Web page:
Would you like a tea or coffee? Whether it’s time out in the kitchen or sipping a hot brew at a desk, as a nation, we love a tea break. Yet in a time of economic fragility, can we afford such pleasantries? Is it time to remove the mugs, cancel the cuppa’s and turn off the kettle for good?
Research into the financial impact on businesses of having hot drink facilities for staff, has thrown up some interested findings, but what is the impact of The Great British Brew Break.
So why keep the kettle?
Organizational Psychologists Helen Hughes and Mark Robinson, from Leeds University Business School, suggest that despite the financial impact, the wider benefits of tea breaks may substantially outweigh their costs.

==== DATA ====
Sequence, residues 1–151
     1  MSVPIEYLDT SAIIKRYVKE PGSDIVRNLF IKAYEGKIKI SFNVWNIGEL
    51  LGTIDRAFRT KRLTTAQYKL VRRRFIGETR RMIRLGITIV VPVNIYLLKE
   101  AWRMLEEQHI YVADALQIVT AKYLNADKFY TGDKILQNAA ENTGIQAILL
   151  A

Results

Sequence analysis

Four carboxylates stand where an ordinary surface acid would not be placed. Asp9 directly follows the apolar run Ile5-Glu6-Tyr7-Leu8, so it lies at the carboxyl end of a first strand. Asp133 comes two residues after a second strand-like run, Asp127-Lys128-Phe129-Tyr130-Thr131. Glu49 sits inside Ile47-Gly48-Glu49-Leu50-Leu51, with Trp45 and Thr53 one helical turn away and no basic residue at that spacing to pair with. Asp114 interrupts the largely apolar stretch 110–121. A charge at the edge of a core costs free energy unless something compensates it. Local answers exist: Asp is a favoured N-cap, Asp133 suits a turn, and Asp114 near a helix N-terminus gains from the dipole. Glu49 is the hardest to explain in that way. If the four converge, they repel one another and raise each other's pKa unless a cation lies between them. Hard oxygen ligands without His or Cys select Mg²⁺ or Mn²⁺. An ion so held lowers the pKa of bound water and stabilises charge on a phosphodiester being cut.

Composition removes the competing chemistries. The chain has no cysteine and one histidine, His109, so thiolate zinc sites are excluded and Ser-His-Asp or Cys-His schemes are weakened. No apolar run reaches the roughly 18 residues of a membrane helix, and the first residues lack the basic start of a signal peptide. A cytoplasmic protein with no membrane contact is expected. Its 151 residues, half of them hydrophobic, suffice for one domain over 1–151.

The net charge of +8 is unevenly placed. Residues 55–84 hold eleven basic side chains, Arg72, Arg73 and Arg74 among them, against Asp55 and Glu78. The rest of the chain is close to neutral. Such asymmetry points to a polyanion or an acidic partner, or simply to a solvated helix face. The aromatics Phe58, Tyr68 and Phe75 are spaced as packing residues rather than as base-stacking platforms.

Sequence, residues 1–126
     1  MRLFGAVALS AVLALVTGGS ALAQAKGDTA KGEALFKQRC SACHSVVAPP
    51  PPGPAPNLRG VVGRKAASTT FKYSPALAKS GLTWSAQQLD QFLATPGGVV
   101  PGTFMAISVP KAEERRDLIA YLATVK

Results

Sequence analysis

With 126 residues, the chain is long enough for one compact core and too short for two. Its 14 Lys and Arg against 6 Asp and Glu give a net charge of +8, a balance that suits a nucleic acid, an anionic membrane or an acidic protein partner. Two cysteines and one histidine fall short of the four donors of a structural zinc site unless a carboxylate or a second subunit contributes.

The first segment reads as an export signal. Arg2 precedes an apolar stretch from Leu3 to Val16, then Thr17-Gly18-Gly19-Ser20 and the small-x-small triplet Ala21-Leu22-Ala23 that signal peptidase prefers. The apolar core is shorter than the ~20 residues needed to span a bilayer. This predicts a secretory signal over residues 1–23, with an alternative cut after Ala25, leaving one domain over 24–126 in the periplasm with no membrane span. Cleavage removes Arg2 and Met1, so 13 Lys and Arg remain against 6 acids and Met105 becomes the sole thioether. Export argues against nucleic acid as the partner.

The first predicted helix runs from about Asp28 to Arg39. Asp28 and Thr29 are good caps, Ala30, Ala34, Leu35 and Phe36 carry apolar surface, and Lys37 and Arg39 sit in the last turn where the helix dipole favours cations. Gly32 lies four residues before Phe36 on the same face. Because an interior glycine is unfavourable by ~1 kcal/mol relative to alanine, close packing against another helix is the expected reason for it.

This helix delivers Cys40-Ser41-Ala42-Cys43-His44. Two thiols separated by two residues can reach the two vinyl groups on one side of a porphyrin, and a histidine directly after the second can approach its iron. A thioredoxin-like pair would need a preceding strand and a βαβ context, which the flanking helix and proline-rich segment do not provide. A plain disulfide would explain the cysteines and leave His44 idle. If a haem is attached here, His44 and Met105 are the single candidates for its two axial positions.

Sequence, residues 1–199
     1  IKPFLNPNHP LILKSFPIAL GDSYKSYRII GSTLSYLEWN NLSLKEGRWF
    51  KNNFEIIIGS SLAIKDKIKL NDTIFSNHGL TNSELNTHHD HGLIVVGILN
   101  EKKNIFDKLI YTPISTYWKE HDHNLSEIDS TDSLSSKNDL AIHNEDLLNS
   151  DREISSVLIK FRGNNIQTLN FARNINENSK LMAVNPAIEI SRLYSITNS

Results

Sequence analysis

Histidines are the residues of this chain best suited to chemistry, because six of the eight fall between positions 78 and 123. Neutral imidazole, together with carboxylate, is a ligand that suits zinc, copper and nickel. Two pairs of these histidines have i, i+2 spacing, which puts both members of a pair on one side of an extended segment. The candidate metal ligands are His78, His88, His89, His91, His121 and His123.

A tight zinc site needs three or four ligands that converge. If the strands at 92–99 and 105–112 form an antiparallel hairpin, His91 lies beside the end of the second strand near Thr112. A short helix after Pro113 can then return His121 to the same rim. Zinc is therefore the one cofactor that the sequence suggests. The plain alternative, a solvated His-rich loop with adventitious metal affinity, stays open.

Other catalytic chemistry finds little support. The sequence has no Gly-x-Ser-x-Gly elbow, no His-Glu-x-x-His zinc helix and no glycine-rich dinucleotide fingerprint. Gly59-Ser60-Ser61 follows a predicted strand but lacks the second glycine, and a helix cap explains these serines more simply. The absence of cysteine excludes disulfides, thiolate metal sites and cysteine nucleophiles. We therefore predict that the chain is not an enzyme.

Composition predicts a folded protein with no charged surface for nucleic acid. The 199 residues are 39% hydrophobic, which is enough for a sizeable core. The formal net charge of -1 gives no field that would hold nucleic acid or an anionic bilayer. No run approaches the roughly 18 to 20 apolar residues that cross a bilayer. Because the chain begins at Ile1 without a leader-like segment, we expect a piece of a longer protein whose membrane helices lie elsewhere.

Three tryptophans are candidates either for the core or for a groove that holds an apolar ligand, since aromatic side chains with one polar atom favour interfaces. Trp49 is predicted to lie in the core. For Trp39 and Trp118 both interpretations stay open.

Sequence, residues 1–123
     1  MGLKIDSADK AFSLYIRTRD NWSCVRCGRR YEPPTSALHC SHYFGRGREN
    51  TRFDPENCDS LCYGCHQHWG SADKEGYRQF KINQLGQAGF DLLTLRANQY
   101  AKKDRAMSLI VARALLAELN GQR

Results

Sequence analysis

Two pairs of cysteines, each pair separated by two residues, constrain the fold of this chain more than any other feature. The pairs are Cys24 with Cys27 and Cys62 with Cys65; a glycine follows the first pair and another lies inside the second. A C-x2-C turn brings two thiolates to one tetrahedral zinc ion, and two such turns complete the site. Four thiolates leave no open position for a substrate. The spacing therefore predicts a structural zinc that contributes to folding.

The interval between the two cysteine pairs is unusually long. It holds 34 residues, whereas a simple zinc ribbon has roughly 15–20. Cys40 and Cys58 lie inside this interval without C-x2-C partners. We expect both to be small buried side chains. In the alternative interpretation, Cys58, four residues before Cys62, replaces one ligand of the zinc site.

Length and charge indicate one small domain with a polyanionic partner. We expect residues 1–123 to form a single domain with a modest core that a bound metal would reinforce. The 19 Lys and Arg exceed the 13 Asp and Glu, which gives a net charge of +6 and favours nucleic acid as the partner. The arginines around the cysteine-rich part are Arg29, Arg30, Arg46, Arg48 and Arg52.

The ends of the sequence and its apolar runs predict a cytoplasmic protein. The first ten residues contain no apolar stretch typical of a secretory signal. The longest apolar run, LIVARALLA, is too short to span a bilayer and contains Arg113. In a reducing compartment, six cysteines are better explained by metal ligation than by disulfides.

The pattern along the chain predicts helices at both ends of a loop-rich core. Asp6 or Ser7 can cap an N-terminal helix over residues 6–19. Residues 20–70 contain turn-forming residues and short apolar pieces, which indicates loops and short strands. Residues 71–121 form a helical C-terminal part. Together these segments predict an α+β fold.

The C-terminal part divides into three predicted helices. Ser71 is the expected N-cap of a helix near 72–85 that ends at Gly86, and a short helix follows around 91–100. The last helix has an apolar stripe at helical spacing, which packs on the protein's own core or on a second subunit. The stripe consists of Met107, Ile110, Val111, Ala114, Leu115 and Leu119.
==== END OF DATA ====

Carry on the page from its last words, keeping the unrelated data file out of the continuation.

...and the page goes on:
“Tea breaks provide an opportunity to chat with colleagues, strengthening the social ties that bind people to their organisations. By helping people feel that they belong in an organisation, they can therefore help reduce staff turnover.
“Furthermore tea breaks provide some respite from mentally and physically demanding work, reducing stress levels and increasing concentration and motivation when people resume work.
"People tend to solve problems at work by talking to the people that are in their network, and very often these are the people in their work team or who they sit near. A tea break may be one of the few opportunities that people have to network, by chatting to, or bumping into, colleagues who are not in these circles. Chats of this kind can also be a great opportunity to share knowledge and news about work-related issues, thereby improving performance and efficiency.”